In PowerBookmarks, documents are classified under a hierarchical classification structure (“classification tree” or “navigation tree”), such as shown in FIG. 9. FIG. 11 shows, in display windows 1101 and 1102, two navigation trees 1110 and 1120, corresponding to navigation trees for a public bookmark database and a private bookmark database. FIG. 11 displays for each node both the number of bookmarks in the folder and the access frequency of each folder. In addition, a temperature icon is shown alongside each node in navigation tree 1110, to graphically indicate the access frequency of each node. As shown in FIG. 11, the URLs of most interests are “computers job fairs”, “computer game companies” and “database conferences”.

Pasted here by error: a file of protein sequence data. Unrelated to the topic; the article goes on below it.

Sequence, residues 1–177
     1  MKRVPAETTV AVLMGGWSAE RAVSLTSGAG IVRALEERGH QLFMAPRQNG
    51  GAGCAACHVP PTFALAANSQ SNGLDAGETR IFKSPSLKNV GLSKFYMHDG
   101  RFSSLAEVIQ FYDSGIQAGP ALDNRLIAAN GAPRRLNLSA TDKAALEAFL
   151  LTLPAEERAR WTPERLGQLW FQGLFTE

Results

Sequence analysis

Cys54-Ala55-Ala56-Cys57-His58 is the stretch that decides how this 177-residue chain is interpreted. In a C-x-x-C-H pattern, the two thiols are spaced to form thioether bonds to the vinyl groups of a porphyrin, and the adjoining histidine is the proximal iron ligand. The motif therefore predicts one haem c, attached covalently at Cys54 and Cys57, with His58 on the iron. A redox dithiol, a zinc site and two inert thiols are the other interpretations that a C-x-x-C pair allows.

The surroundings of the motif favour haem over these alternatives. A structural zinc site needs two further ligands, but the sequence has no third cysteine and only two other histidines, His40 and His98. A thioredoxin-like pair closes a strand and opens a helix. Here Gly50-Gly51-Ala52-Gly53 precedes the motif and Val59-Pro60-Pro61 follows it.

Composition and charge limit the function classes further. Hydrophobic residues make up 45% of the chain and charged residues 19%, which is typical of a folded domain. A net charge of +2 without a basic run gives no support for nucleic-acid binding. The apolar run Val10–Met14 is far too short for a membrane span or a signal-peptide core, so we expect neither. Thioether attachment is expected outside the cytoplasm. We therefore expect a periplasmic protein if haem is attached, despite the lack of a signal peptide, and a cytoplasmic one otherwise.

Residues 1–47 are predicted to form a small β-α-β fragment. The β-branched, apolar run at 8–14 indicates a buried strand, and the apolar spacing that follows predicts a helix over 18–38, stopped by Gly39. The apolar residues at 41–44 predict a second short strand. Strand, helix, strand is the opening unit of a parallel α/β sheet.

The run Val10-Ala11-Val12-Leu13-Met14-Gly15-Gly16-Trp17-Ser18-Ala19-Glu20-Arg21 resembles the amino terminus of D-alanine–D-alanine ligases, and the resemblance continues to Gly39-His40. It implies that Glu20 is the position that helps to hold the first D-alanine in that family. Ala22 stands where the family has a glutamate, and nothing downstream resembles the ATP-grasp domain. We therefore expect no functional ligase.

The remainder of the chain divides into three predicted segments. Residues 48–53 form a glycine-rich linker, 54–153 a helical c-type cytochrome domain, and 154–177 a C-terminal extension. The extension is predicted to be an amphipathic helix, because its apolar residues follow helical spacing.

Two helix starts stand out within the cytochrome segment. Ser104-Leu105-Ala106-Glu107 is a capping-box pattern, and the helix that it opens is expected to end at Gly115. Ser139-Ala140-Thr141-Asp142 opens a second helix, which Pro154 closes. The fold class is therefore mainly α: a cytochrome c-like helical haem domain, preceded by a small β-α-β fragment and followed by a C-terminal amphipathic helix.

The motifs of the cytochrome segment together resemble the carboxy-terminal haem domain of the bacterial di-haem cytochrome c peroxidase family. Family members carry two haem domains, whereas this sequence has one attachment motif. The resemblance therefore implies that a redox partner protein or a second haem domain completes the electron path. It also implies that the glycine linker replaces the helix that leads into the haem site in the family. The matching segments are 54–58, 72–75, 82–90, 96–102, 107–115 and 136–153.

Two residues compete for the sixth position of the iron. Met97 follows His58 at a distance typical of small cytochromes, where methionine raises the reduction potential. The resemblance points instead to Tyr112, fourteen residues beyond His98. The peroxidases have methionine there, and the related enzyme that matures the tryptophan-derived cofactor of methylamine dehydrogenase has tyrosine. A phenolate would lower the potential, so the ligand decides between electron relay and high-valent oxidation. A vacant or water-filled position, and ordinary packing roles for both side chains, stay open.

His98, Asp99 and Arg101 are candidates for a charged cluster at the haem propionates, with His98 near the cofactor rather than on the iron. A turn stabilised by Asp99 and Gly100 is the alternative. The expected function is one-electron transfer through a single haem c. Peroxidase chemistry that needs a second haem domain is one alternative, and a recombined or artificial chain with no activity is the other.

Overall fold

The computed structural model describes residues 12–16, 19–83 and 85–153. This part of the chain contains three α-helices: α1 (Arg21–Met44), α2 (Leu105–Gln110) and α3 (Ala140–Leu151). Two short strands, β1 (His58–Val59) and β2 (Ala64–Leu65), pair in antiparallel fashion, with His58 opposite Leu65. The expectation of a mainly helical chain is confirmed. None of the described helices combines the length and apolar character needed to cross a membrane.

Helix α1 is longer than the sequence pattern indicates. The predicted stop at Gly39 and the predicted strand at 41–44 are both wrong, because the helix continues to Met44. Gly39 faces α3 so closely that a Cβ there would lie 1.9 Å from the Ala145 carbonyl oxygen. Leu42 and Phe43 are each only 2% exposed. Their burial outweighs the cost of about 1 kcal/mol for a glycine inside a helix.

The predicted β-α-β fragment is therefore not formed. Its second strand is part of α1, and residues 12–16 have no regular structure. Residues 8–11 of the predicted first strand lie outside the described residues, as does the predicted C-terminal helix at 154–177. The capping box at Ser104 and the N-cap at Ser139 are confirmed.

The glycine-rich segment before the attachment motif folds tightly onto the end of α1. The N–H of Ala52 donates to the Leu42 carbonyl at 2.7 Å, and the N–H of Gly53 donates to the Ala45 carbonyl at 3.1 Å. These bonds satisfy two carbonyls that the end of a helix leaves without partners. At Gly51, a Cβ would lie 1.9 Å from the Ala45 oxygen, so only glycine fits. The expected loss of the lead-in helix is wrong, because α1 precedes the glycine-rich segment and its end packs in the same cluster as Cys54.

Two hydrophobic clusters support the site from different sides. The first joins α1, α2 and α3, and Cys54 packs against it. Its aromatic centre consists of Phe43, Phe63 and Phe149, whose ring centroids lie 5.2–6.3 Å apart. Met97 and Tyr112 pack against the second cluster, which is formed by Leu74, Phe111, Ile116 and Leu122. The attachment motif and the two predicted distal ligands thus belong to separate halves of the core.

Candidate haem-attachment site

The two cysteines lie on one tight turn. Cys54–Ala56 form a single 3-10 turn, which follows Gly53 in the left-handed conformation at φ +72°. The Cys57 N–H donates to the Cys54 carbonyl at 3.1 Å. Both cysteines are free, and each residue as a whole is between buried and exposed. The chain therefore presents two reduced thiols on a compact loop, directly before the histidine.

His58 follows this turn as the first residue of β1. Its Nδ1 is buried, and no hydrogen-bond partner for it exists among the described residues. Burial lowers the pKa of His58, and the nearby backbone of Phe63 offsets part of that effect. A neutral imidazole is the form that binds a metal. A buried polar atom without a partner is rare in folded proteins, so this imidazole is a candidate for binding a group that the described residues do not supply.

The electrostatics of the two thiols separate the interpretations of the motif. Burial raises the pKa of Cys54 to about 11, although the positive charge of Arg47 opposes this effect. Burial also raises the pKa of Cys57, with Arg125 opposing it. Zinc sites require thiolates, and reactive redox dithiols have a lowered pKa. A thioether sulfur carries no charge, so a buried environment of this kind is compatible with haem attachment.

In each navigation tree, each node is represented as a bookmark folder. PowerBookmarks provides automated document classification using external classifier (e.g., the Pharos system, which is based on the Library of Congress Classification (LCC)). FIGS. 12a and 12 b show, respectively, a classification for a document containing keywords “sports”, “car”, “import”, and “acura” under LCC and classification for the same document under an internet search engine. In FIG. 12a, each LCC ID represents a node in the LCC hierarchical structure. The label of a node is a tag along the path from the top-level root node to the node into which the document is classified. However, categories provided by many classifiers are too fine, e.g., 6 to 7 levels. While classifying to such fine categories provide an accurate classification of the subject matter, such classification hierarchy is not convenient for a user to navigate because, to reach a document, many steps have to be taken to traverse the classification tree. In fact, many usability studies have pointed out that a deep hierarchy results in inefficient information retrieval because of the numerous traversal steps required and the tendencies of users to make mistakes along the way.